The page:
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Traitor's heads
August 22, 2011
11:14 pm
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Catalina
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I was reading about Thomas Culpeper and Francis Dereham on a Tudors wiki and it was stated that their heads were still on display in 1546. So given that they were executed in 1541, were the heads preserved in some way? I wouldn't have thought there would have been much left to display 5 years later.

'If honour were profitable, everybody would be honourable'  Thomas More

August 23, 2011
9:10 am
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Sophie1536
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Interesting Question! I really have no idea though, lol!

I would have thought that after a while nobody could tell who's heads who so how they came to this I really don't know as wouldn't the elements have taken there toll and birds?

That brings me to a question- Were the heads of traitors not allowed after a little while taken back by their families? Or was it law that traitors heads were just left to rot until they no longer existed?

Really great question Catalina Wink

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August 23, 2011
9:31 am
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Anyanka
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Is it possible for you to add a link to the wiki article?

It's always bunnies.

August 23, 2011
9:42 am
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Catalina
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http://www.thetudorswiki.com/p…..al+Profile

About halfway down the page :

'Thomas Culpepper was also executed that day, though he suffered a more merciful
beheading; this was ordered by the king, perhaps because of Culpepper's
higher rank and personal service in his household. Their heads were
fixed on spears atop London Bridge and remained there as late as 1546'

'If honour were profitable, everybody would be honourable'  Thomas More

August 23, 2011
10:10 am
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Sharon
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The severed heads of traitors were placed on pikes, dipped in tar to preserve them, and hung on the bridge for all to see.

August 23, 2011
10:11 am
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Catalina
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From http://www.privatetoursuk.com/…..ridge.html

 

'At the Southwark end, however, the bridge's Gatehouse displayed the
tar-preserved severed heads of traitors, a grisly spectacle which
counted William Wallace and Thomas More among the unfortunate victims.'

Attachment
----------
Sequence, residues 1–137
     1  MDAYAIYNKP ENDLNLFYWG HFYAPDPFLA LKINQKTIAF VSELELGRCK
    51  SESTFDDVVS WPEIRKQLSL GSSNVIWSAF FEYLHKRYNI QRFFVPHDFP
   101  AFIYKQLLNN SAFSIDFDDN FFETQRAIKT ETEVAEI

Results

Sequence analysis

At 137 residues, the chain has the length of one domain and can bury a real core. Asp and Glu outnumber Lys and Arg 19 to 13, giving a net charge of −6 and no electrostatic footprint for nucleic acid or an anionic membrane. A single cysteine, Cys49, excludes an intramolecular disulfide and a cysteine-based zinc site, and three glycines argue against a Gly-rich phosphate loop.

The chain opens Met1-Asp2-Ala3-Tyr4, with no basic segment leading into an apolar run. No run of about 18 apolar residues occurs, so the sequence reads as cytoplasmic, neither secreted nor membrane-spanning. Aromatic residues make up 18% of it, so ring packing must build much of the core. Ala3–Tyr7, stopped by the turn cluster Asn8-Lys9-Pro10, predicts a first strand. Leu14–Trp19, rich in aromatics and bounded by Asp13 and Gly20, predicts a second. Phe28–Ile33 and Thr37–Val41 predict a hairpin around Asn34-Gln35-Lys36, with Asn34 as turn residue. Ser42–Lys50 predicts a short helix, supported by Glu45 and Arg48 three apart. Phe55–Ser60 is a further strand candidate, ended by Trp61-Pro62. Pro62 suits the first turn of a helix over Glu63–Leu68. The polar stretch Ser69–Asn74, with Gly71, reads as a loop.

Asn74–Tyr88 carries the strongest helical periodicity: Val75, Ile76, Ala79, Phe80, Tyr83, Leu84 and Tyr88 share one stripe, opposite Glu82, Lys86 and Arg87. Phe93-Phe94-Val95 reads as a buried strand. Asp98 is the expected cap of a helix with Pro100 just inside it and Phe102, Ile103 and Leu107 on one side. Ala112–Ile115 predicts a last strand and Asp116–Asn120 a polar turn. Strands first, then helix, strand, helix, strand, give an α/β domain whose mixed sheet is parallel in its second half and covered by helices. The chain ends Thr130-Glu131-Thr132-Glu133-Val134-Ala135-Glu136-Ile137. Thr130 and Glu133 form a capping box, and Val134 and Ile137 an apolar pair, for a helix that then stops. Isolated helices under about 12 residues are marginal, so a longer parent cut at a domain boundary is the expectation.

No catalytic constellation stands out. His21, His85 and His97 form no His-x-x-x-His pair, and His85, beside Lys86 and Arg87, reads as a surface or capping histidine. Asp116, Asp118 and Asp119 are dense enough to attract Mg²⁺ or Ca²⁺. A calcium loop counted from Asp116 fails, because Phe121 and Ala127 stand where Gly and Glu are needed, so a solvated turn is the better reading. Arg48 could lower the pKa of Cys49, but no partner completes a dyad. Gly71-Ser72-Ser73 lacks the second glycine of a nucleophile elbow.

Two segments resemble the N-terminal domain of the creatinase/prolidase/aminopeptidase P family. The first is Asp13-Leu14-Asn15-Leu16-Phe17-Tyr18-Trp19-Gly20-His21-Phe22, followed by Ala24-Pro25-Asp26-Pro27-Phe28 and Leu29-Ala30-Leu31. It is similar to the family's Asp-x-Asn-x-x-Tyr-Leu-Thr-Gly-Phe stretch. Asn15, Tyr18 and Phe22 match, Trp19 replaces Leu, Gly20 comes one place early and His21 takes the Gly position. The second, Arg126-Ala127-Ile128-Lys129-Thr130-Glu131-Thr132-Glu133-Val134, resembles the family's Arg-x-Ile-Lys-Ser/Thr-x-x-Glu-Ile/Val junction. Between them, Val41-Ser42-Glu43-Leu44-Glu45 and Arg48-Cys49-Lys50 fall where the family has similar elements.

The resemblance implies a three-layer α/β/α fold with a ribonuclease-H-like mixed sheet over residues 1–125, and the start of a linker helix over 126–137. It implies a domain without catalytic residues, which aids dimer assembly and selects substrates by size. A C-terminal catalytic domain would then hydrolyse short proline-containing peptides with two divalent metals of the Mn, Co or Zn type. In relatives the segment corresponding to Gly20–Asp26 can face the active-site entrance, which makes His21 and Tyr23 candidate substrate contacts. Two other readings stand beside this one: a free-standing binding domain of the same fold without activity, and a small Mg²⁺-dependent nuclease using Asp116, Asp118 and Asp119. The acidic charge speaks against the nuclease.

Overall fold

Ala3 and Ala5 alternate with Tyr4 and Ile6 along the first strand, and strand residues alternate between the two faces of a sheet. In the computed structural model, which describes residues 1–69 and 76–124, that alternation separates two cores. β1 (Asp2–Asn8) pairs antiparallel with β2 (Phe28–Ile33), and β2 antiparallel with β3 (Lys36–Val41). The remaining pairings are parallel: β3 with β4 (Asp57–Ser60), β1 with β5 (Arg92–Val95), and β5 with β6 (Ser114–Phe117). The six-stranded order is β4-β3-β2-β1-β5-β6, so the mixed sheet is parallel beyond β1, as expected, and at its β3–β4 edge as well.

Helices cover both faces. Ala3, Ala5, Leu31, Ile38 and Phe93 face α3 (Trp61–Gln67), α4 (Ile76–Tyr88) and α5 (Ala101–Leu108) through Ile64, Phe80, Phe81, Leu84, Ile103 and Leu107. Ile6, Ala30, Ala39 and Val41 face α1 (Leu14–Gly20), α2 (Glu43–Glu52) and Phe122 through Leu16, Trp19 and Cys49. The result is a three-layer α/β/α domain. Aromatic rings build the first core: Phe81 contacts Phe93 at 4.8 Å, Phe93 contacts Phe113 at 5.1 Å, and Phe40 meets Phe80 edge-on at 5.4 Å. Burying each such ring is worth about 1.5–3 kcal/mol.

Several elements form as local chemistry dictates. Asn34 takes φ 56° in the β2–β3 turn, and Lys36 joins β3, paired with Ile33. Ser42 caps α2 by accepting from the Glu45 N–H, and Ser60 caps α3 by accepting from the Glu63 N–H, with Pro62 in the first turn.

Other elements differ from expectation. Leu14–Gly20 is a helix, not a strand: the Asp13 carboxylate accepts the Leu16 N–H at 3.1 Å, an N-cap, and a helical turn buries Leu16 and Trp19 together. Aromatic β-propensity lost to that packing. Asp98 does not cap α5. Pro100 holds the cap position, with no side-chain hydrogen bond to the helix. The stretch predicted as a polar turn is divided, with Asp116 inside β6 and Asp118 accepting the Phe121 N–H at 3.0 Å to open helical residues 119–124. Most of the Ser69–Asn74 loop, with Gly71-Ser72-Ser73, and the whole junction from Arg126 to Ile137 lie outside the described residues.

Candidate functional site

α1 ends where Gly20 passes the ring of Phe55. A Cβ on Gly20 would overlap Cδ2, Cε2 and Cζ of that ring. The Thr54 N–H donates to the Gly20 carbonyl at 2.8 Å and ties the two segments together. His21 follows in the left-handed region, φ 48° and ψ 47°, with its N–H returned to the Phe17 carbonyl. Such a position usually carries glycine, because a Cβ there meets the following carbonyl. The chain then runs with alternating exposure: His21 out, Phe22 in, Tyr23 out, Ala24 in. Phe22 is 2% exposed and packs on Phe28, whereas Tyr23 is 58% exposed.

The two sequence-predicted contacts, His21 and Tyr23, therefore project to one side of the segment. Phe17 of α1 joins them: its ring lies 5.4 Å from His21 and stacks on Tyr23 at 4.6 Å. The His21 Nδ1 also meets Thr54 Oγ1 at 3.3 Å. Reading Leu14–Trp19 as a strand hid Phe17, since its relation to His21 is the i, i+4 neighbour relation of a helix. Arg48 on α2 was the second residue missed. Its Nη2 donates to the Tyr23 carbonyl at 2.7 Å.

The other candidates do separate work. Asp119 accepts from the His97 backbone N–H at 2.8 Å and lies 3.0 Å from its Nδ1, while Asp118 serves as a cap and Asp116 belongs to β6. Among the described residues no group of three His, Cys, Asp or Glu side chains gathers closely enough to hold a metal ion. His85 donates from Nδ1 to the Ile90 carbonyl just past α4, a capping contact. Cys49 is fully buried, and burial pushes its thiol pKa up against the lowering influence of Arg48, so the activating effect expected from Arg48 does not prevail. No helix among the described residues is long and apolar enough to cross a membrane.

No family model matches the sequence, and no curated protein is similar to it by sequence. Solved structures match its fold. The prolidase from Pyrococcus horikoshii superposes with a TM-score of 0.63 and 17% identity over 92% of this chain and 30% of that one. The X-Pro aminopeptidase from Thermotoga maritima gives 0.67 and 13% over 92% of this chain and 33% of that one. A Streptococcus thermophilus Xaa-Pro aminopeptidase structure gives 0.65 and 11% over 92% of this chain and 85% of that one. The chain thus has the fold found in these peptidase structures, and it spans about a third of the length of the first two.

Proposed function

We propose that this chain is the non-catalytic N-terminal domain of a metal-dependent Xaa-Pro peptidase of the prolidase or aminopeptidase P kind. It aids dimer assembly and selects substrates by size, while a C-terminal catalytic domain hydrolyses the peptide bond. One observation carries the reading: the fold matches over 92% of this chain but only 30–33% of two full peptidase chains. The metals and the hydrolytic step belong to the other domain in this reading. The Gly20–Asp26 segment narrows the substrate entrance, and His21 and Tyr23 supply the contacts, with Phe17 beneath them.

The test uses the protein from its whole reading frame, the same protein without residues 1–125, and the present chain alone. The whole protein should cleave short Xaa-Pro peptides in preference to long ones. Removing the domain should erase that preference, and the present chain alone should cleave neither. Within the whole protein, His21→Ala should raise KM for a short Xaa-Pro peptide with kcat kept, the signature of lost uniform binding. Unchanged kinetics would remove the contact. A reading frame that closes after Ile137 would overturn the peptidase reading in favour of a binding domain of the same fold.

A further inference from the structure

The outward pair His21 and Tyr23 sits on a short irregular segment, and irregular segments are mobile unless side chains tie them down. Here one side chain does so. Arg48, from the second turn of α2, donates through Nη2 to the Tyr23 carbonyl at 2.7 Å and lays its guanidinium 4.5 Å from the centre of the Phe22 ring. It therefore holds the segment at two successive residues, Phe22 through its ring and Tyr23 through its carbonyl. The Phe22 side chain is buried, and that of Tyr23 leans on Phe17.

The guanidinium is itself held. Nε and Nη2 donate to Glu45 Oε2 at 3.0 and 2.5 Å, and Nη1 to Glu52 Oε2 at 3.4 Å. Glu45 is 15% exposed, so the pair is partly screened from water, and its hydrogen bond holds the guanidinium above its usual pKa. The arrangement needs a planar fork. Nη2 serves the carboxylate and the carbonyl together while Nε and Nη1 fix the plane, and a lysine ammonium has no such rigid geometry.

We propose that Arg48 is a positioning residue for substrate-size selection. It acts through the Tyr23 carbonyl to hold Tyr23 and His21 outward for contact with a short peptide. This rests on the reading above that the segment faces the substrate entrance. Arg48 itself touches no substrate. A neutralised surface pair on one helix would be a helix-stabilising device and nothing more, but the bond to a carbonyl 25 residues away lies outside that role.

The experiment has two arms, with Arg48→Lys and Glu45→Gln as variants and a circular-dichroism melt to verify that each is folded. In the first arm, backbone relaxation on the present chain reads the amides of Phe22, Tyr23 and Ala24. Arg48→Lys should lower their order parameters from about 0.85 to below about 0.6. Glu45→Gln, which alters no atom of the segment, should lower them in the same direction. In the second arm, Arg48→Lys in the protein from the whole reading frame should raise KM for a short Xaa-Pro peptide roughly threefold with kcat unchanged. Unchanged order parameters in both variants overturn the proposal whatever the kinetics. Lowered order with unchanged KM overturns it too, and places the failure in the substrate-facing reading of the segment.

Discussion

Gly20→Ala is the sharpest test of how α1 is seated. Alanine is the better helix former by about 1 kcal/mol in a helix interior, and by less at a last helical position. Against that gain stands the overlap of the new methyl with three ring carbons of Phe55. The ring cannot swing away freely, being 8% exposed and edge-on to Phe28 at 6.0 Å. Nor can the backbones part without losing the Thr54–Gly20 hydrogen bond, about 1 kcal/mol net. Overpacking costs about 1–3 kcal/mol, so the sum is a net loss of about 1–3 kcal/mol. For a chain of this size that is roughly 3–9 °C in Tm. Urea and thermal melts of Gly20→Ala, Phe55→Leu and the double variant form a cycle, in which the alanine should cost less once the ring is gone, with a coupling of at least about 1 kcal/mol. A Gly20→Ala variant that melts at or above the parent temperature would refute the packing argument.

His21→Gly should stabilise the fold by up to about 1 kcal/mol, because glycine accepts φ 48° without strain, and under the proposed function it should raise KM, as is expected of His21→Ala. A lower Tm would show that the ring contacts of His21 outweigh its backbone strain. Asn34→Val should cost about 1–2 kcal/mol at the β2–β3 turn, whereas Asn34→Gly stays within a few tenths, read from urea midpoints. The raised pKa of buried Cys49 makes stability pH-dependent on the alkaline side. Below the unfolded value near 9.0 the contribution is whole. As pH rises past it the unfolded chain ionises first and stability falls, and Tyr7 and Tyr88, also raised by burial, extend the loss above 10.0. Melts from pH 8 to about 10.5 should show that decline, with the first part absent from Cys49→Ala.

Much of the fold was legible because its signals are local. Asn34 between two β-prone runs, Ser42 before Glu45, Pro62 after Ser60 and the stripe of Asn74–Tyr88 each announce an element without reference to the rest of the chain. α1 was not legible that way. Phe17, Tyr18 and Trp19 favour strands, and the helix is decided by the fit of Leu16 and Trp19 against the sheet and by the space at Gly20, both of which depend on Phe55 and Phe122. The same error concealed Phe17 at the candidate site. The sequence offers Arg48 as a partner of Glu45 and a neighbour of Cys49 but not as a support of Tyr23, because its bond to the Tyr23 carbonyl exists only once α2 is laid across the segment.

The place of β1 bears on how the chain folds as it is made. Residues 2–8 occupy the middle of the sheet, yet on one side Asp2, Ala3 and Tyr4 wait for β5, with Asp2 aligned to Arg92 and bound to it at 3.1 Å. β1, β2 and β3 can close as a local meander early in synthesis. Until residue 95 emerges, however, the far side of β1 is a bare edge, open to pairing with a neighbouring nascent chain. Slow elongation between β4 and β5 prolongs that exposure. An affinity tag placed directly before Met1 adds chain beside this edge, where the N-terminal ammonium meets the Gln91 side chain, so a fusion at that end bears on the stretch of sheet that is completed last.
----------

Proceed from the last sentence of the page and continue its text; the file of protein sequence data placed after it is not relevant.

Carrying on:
So it seems the heads were preserved in tar. Hmm, if thats the case then the heads surely would have been unrecognisable anyway?

'If honour were profitable, everybody would be honourable'  Thomas More

August 23, 2011
10:13 am
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Catalina
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Posted at the same time lol!

'If honour were profitable, everybody would be honourable'  Thomas More

August 23, 2011
10:21 am
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Sharon
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Great minds! 

I just finished a book about William Wallace.  He was the first to be displayed in this manner in 1305. 

August 23, 2011
12:01 pm
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Anyanka
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Thanks for the links.

It's always bunnies.

August 25, 2011
8:40 pm
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Impish_Impulse
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I had thought the heads were parboiled. Maybe they left the 'important' ones up longer. As for giving them back to the families, I don't think that was commonly done since Thomas More's daughter had to bribe someone to give the head to her instead of simply tossing it in the river after a period of time, which was apparently the custom.

                        survivor ribbon                             

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          Ring the bell and run. He hates that."    

August 25, 2011
11:04 pm
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Catalina
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It must have been quite a sight to enter London and see all these heads fixed on spikes. I can't even begin to imagine how horrific that must have looked.

'If honour were profitable, everybody would be honourable'  Thomas More

August 26, 2011
2:22 am
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Sophie1536
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How awful for the families to see their loved ones heads displayed like that, I know this was the times they lived in but still it must have been truly dreadful.

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August 26, 2011
8:09 am
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Anyanka
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Catalina said:

It must have been quite a sight to enter London and see all these heads fixed on spikes. I can't even begin to imagine how horrific that must have looked.


It wasn't just London though. IIRC, Richard of York's head and that of one of his son's were displayed over the gates at York.

It's always bunnies.

August 26, 2011
3:35 pm
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Bella44
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Sophie1536 said:

How awful for the families to see their loved ones heads displayed like that, I know this was the times they lived in but still it must have been truly dreadful.


Thomas Mores' daughter Margaret was able to bribe a guard to get her fathers' head back before it was displayed.

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